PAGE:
Doll Boy

Mac, the knitted boy doll from Red Nose Day Dolls

Not having dolls in the house is possibly the best thing about not having girls. No scary glass eyes to turn to the wall at bedtime. No grubby plastic contortionists flashing their pink jointed bits from beneath the acrylic blankets…
But, have you seen Mac, the knitted boy child of queen crafters Rose Badger and Emma Mitchell, one of 4 hand-sewn dolls to go under the hammer for Red Nose Day? There is a virtual frenzy of grown-up excitement around them ( check out their Facebook page and blog not least because they are being kitted out by twenty of the country’s most talented crafters. Mac has his own Shetland wool jumper, sleeping bag, and dog, no less. He has even posted a camping video on You Tube.
All four dolls, plus their miniature crocheted dresses, tulle underskirts, needle felted wirehair fox terriers, and teeny tiny patchwork quilts go under the hammer on Red Nose Day’s official Ebay site on March 15th. With such a good cause in mind, there is no need even to pretend you are bidding on behalf of anyone but yourself.

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Shopping for Boys

I knew that boys didn’t like clothes shopping before I spent 2 hours proving it in Brent Cross. Two hours of trying to avoid the Arsenal shop, bribing with Nando’s, and apologizing to everyone who was tripped up and bumped into. But Boy 2 has been complaining at his lack of clothes, and more curiously, about his ‘look’ so I thought I would give it a whirl.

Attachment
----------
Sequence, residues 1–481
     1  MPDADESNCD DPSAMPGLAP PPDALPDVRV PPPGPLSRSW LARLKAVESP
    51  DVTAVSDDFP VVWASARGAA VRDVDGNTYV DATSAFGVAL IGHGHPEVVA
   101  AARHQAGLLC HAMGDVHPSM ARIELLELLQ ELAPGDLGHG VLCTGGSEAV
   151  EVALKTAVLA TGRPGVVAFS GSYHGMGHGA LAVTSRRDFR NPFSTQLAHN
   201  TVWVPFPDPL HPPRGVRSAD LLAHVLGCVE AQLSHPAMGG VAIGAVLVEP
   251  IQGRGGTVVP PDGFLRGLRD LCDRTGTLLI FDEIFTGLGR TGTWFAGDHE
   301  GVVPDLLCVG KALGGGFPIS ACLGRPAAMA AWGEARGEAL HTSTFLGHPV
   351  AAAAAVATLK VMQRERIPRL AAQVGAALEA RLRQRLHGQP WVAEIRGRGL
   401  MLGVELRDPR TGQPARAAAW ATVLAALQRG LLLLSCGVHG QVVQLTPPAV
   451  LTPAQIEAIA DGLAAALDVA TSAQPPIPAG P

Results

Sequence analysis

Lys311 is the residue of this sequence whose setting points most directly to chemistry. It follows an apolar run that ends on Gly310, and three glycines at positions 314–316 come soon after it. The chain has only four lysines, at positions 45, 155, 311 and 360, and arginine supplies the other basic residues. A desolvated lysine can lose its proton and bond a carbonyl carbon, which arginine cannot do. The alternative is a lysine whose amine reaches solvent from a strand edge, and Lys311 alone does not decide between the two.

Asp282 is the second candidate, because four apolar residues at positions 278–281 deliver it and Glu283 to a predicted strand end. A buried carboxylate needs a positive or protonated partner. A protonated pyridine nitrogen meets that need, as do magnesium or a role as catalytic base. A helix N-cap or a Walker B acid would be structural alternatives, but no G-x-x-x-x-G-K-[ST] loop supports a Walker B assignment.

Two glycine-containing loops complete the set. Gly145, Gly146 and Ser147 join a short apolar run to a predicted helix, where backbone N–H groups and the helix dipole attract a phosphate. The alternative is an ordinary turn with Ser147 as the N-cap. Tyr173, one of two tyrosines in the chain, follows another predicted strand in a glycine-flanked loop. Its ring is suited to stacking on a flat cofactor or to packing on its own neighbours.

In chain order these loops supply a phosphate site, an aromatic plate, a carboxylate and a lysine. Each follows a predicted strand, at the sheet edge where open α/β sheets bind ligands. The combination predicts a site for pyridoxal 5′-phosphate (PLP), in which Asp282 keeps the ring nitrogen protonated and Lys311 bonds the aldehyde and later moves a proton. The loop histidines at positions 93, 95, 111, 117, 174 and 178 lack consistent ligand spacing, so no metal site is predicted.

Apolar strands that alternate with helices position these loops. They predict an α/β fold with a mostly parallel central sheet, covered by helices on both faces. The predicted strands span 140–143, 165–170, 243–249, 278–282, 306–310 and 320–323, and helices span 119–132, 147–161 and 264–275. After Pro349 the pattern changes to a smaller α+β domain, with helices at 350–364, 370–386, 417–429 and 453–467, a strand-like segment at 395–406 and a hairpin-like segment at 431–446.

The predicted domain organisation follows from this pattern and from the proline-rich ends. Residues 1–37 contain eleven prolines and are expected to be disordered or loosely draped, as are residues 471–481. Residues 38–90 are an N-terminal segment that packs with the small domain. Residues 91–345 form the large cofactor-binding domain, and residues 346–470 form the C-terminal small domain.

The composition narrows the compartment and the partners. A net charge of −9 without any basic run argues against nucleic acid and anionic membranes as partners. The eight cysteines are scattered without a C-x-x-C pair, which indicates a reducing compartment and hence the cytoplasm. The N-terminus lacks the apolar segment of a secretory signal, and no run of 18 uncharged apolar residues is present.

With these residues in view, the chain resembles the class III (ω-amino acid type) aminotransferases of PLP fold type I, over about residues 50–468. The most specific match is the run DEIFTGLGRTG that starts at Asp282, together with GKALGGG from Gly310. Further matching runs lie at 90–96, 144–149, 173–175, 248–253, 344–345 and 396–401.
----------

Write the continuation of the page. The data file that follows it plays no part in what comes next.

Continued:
I write about children’s fashion for a living, and the high street’s paltry boys’ offering is nothing new to me. But I was stunned at the lack of choice, harassed by Angry Birds at every turn, and depressed that once a boy goes beyond the realms of cute (which mine certainly have) they have little alternative than to dress like a seventh division football manager. There was nothing to buy until Boy 2, by then sulking furiously, spotted a shiny navy suit. He has wanted one since Sky Fall, longing to look smart when all around him is in chaos and Dri-Fit. He tried it on. His brother said he looked like the head-master, but he was too busy styling his hair to listen. He grinned and I bought it, of course, triumphantly sharing in the fleeting retail thrill.

Suit trousers, £19.99,

Suit jacket, £39.99,

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Chaos theory

Disorder and chaos

A few years ago we had a party. Knowing that everyone coming would have small, fidgety people in tow I decided to nail up the toy cupboards. It was bliss. And the cupboards stayed sealed for the whole summer.

Children have too many toys. The urge to shower them with plastic seems too strong to over-ride. My 6 year old has 2 enormous plastic dustbin lorries which sing, if he holds them steady, in hideous unison. TWO. Neither were presents from me. Neither will submit to the charity shop collection.